His two commercial recordings of Beethoven’s Seventh Symphony were made a few years apart - this Vienna one from 1950 and the Berlin recording of 1953. A wartime performance from 1943 (Berlin) has survived as has the 1948 Stockholm and a 1954 Vienna Philharmonic (live, taped in Salzburg). Tahra has retained shellac surface noise but there is real immediacy and presence of sound in their transfer. There is exceptional delicacy and finesse in the Allegretto, which inclines rather more to an Andante in his hands, but its sense of sculptural significance is palpable and intensely moving. And the finale is dramatic and powerfully cast, a crusading drive animating its proportions. Hysterical applause (lengthy; I rather wish Tahra had cut it) greets the performance of Leonore III (Salzburg, August 1950). The off-air tape preserves the performance in rather brash sound – nothing subtle about it at all. The commercial Vltava (or Die Moldau) is too concerned with airy legato to make much impression; from the very slow flutes in the opening paragraphs to the stentorian Wagnerianisms later on and the flippant triangle at the conclusion, and despite some glorious aquatic colouration, this is strictly for admirers only.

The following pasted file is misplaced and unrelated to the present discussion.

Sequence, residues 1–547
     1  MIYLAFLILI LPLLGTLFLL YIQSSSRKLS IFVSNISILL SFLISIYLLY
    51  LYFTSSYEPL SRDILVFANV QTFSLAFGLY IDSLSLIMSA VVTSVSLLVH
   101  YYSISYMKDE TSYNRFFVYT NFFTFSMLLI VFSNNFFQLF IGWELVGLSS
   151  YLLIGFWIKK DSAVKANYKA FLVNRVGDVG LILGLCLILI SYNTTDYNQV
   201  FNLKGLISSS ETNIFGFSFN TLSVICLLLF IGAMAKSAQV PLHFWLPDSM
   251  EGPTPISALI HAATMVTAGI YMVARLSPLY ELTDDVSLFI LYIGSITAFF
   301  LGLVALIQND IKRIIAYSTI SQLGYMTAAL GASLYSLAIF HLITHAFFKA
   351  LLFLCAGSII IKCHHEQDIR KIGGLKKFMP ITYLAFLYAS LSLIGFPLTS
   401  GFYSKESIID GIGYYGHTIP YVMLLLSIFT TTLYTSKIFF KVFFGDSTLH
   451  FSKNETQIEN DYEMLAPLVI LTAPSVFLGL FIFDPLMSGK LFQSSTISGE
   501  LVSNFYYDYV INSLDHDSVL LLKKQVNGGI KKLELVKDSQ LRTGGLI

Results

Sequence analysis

His Haydn Symphony No.88 is one of a very few performances of this composer’s works to have survived in Furtwängler’s discography (I believe, in addition to this, only Symphonies 94 and 104 are extant). I have to say this Stuttgart performance is less impressive than the Berlin studio recording for Deutsche Grammophon and it doesn’t reveal Furtwängler as an especially communicative or openhearted classicist (the Minuet is heavy, listless and devoid of humour). There’s a good Coriolan from 1951 and to end this fourth disc, and the set, Schumann’s First from the same concert, given in Munich in October 1951. This receives a weighty, explicitly romanticised performance, with a huge sense of power and a blazing statement of the brass chorale in the first movement. He slows down the Scherzo appreciably – probably in the interests of binding the rhetoric tighter - though not all will appreciate his highly personalised limiting of Schumann’s emotive extremes. Still, parts of the performance are simply breathtaking even if the totality of it will leave others more cautious in appraisal.

Notes are in French and English and trace the conductor’s long relationship with the Vienna Philharmonic in some detail. As a conspectus it achieves its objectives with conspicuous success.

Jonathan Woolf